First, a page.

Big 12 media days came to a close Tuesday in Dallas, yet the biggest news of the day came from nearby Fort Worth, where the future of TCU defensive end Devonte Fields, the preseason Big 12 defensive player of the year, is in doubt after he has "separated" from the Horned Frogs program. Meanwhile, on site, Texas coach Charlie Strong made his debut and Oklahoma arrived with plenty of confidence.

ESPN.com's Big 12 reporters Jake Trotter, Max Olson and Brandon Chatmon answered four questions in our roundtable to wrap up the final session, which included Iowa State, Kansas State, Oklahoma, Texas and West Virginia.

What stuck out to you most?

Trotter: The biggest Big 12 story of the day actually didn't come from one of the five teams at media days Tuesday. Quickly, the buzz about the serious allegations levied against TCU defense end Devonte Fields made its way around the hotel with reporters and coaches alike. Later in the day, the Horned Frogs "separated" with the Big 12 preseason Defensive Player of the Year, placing Fields' collegiate-football future gravely in doubt. That could have a major impact on the Big 12 landscape.

Chatmon: The way Kansas State players seemingly take on the personality of Wildcats coach Bill Snyder is a sight to see. Quarterback Jake Waters, receiver Tyler Lockett, center B.J. Finney, linebacker Jonathan Truman and defensive end Ryan Mueller were personable, thoughtful and engaged during their answers yet still navigated their way through the landmines some college football players seem to step on during similar settings. The overriding message: K-State is confident yet hungry heading into 2014.

[+] EnlargeCharlie Strong
AP ImagesNew Texas coach Charlie Strong said all the right things at his Big 12 media days debut.
Olson: Everyone came hoping for Charlie Strong to do or say something memorable at his Big 12 media days debut. Easily a dozen TV cameras surrounded his table Tuesday afternoon before he even showed up. Strong carried himself well and said all the right things, and the talking points -- such as "putting the 'T' back in Texas" -- he's been repeating since the spring went over well. He also threw Texas fans a bone by confirming David Ash is his starting QB. All in all, a pretty solid day for the first-year coach.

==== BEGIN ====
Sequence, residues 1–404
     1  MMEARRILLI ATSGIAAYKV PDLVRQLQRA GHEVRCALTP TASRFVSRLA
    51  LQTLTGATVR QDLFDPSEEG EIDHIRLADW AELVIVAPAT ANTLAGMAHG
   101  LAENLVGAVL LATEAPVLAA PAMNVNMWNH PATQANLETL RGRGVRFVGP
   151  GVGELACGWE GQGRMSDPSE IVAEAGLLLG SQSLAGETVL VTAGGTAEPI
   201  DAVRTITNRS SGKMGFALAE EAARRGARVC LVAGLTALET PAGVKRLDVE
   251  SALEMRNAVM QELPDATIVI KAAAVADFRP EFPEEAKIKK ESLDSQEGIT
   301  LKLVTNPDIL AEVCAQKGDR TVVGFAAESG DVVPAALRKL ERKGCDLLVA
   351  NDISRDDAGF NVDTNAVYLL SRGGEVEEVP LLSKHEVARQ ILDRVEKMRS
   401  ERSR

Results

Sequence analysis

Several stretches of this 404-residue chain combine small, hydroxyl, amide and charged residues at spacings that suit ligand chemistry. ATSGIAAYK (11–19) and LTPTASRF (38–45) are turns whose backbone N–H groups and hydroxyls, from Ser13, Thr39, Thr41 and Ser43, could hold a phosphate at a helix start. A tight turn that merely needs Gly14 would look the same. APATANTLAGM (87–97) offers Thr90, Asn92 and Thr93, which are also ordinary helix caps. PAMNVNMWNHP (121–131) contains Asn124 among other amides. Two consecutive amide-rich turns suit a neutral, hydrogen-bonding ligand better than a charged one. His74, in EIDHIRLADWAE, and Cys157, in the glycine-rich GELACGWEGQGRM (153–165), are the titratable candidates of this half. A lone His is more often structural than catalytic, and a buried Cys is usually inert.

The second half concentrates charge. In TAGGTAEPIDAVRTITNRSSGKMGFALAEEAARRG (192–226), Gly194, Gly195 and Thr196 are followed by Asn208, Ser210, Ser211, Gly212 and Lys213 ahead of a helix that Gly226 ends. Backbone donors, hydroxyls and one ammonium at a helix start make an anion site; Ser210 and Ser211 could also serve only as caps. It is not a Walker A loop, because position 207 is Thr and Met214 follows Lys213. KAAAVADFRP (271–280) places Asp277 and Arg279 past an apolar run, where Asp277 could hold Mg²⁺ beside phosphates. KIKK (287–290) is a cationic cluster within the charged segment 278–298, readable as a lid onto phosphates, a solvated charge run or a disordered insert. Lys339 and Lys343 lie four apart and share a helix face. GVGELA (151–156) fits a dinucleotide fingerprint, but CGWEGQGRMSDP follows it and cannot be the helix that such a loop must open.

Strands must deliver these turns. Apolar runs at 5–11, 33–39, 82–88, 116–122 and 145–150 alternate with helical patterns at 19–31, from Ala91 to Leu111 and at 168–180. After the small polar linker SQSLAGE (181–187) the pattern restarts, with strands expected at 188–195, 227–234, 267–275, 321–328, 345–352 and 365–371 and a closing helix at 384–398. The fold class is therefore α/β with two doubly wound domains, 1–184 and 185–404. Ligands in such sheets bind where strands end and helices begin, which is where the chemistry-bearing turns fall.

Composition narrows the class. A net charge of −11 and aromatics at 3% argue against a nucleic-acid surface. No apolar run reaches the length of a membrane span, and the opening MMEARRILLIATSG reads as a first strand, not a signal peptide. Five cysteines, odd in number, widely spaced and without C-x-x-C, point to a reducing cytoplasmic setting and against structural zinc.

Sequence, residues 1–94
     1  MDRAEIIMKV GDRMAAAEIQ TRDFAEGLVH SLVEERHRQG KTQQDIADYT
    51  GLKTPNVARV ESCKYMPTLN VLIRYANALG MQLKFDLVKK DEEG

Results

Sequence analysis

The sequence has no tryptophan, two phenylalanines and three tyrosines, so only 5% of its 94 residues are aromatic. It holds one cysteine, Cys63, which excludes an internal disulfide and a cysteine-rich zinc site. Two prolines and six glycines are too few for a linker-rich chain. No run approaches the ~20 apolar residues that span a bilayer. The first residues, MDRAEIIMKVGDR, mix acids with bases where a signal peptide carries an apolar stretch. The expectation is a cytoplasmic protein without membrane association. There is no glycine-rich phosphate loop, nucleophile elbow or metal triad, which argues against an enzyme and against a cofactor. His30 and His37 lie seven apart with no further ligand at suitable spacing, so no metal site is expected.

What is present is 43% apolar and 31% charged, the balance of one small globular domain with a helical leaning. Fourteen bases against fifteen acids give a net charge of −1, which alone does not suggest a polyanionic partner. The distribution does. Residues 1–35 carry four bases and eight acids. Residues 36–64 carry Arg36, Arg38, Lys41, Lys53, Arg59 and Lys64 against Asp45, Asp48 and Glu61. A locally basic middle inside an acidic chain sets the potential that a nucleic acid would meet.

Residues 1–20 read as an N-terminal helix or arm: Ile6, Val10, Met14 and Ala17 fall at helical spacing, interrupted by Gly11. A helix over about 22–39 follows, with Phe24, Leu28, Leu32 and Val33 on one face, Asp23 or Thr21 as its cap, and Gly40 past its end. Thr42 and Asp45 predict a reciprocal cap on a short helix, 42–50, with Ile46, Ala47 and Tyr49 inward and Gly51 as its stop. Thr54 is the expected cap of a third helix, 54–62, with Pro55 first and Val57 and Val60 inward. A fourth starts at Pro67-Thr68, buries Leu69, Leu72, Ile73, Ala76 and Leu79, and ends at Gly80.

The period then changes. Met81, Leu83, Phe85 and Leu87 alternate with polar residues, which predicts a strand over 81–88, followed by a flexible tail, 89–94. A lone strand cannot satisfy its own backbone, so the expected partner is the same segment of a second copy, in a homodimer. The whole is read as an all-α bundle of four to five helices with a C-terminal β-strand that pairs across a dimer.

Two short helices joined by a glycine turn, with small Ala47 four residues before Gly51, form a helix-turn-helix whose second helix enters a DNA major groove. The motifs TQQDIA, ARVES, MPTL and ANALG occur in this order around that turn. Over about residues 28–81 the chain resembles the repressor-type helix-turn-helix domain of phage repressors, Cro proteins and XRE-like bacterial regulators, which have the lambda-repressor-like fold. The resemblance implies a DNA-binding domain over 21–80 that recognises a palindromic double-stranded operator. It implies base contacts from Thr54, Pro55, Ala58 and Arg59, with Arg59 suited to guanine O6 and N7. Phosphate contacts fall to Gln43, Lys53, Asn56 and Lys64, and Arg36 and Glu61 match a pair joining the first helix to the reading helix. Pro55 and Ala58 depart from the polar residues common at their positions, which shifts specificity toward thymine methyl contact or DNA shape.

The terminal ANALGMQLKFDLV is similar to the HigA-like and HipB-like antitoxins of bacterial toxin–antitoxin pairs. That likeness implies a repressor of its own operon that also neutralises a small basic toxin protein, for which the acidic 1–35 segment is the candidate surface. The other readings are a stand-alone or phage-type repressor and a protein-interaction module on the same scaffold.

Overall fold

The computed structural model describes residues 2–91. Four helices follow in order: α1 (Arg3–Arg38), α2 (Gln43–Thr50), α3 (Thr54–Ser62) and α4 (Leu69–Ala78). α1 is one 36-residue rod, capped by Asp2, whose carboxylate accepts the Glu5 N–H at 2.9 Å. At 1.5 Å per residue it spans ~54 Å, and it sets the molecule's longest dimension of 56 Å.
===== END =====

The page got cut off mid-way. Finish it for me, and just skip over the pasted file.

What's something new you learned?

Trotter: Even though Charlie Strong arrived at Texas via Louisville, he and Oklahoma coach Bob Stoops know each other well due to their connection as former Florida defensive coordinators. "I think Charlie's a great coach," Stoops said. "He's an excellent person. We've really enjoyed the times I have been around him. So I gotta be careful. I can't wish him too much luck, but I know he'll do a great job."

Chatmon: Short conversations with Texas defensive end Cedric Reed and center Dominic Espinosa left me with the impression that Charlie Strong's vision for the Longhorn program is starting to take hold. Reed said he could see signs the Longhorns could be tougher mentally this fall with guys showing up to meetings on time (or even early), and Espinosa said the mental focus of the squad has been upgraded with players willing to do the extra things to get to the another level. UT might not have a 100 percent buy-in to Strong's ways, but it sounds like things are heading in the right direction.

Olson: I'm sorry, I just have to address one of my favorite quotes of the day here. When Bill Snyder was asked to assess how optimistic he is about his team in 2014, he paused and said warmly, "My degree of optimism is negotiated daily." Then he continued a winding answer about one-day-at-a-time expectation that concluded with a laugh and Snyder proudly saying, "Didn't tell you anything, did I?" He later acknowledged he is "as old as time and that's not going to change." Basically, Bill Snyder is the best.

Your favorite exchange of the day?

Trotter: I don't know if counts as an "exchange," but Stoops purposefully photobombed his wife's TV interview. He actually did it twice. Carol Stoops, a national director with Mary Kay, was at the same hotel for a Mary Kay convention. Stoops was laid-back all day, which is usually a sign he thinks he has a good team.

Chatmon: I walked up on Tyler Lockett doing a Q&A with another reporter who asked which three people he would like to have dinner with if he could choose anyone in the world. Lockett looked at me with a sideways glance and responded: "This guy." Once our laughter subsided, Lockett answered the question. I now have a new favorite player.